Several limitations should be considered. Due to the nature of claims data, laboratory results were absent, and disease definitions were based solely on the diagnostic codes or prescription data. Since we defined patients with diabetes as those who had a prescription for anti-diabetes drugs, patients with diabetes who were not on medication may have been assigned to the non-diabetes group in this study. However, we expect the number of these patients to be small. In addition, since there was a time lag between actual medical practice and medical claims, there is a possibility that non-collected claims data were missed. However, we believe that missing claims data will occur randomly and are not likely to significantly affect our findings. In addition, due to policy in South Korea, most patients with confirmed COVID-19 are hospitalized for treatment regardless of severity, and the proportion of hospitalization was high. Therefore, this should be taken into account when interpreting the results, especially regarding the outcome of hospitalization.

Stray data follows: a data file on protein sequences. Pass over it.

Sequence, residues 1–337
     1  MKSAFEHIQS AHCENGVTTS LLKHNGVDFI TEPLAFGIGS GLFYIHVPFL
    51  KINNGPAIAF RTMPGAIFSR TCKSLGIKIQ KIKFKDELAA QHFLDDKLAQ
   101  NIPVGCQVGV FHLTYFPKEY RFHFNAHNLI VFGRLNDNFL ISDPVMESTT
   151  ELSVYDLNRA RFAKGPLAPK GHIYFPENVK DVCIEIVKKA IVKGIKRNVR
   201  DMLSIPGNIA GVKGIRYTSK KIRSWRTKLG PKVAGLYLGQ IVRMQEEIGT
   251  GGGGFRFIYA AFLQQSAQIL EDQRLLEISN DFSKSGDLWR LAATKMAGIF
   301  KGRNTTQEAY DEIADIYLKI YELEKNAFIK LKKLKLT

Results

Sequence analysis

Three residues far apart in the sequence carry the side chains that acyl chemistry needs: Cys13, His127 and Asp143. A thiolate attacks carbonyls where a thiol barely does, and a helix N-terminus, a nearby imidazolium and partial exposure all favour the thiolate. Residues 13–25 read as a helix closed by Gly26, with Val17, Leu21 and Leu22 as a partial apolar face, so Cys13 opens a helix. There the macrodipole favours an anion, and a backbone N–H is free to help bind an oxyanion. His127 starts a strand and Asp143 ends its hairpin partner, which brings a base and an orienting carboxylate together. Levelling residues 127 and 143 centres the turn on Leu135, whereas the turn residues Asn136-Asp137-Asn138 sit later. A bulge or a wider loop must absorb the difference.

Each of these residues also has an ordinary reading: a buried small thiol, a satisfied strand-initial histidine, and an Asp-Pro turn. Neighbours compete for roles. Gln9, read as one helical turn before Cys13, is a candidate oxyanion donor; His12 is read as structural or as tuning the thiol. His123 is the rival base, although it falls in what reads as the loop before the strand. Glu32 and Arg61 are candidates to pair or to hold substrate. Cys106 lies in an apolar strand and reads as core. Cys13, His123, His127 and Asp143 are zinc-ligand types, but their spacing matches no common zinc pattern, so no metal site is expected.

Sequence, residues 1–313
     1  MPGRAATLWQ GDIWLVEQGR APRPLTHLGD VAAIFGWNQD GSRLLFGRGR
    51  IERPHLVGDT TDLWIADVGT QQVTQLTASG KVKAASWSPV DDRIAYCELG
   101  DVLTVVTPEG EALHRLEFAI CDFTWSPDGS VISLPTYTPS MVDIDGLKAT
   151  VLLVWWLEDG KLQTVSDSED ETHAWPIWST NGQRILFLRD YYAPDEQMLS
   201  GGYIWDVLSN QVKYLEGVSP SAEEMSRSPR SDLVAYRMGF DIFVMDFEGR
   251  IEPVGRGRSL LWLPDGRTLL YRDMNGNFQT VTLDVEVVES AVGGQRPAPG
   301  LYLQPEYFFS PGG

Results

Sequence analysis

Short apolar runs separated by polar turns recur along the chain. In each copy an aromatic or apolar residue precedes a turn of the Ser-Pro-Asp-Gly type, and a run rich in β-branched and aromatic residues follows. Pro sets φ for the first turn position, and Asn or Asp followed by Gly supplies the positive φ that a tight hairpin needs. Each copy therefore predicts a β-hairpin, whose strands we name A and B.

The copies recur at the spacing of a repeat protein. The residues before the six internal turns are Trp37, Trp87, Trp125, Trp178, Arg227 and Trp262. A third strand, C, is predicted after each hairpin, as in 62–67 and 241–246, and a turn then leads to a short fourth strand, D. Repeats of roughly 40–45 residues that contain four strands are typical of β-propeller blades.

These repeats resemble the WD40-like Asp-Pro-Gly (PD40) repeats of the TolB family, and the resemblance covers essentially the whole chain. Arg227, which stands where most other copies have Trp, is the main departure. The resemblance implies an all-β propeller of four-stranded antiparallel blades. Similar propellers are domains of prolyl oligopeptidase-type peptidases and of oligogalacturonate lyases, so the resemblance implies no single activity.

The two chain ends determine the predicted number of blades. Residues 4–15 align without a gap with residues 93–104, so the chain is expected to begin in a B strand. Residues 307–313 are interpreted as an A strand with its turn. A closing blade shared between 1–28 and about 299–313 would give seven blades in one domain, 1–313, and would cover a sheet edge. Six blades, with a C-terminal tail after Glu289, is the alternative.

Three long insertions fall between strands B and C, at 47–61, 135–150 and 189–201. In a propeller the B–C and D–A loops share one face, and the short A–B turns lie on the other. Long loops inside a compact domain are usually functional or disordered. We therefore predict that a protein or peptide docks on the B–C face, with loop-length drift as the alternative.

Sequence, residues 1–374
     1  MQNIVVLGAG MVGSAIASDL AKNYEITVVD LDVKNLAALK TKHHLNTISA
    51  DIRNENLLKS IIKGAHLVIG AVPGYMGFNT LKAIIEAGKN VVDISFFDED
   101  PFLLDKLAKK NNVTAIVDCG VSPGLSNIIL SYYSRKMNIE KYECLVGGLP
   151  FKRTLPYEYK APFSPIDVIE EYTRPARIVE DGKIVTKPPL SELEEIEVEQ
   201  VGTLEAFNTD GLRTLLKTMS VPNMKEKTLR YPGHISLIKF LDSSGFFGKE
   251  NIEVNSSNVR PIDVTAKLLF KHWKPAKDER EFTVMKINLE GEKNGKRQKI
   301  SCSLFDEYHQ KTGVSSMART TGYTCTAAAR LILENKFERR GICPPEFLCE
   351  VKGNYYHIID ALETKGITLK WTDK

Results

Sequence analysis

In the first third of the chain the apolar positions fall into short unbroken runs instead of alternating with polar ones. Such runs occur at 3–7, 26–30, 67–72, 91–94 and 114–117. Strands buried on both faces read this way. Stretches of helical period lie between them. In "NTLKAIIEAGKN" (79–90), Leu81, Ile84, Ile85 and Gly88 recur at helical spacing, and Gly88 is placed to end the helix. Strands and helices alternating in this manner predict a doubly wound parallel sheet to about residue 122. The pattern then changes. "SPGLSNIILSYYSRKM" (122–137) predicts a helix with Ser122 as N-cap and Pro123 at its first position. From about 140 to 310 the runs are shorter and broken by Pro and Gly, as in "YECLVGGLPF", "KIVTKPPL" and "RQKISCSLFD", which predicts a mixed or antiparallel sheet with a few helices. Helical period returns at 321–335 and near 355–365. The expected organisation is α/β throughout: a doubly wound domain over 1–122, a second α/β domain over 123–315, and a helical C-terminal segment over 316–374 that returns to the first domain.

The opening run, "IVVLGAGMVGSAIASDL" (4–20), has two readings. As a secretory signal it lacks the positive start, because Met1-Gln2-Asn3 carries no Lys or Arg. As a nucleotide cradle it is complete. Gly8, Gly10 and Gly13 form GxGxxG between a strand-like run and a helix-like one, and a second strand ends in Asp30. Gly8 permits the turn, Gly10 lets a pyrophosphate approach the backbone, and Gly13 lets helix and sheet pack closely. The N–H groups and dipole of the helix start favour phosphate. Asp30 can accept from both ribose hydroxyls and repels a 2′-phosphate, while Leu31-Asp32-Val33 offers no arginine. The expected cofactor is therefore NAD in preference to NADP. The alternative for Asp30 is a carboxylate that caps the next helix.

In conclusion, in this nationwide population-based cohort study of patients with COVID-19 in South Korea, diabetes was associated with worse clinical outcomes in patients with COVID-19 independent of other comorbidities. After full adjustment for comorbidities, the OR for mortality in patients with diabetes was 2.66, which was higher than reported in previous observational studies conducted in other countries with higher mortality rates. Therefore, the importance of caution regarding patients with diabetes, who are vulnerable to COVID-19, cannot be overemphasized, and gathering further experience and knowledge globally will improve our understanding of how comorbidities affect COVID-19 severity and will facilitate the development of more effective treatment strategies in vulnerable patients.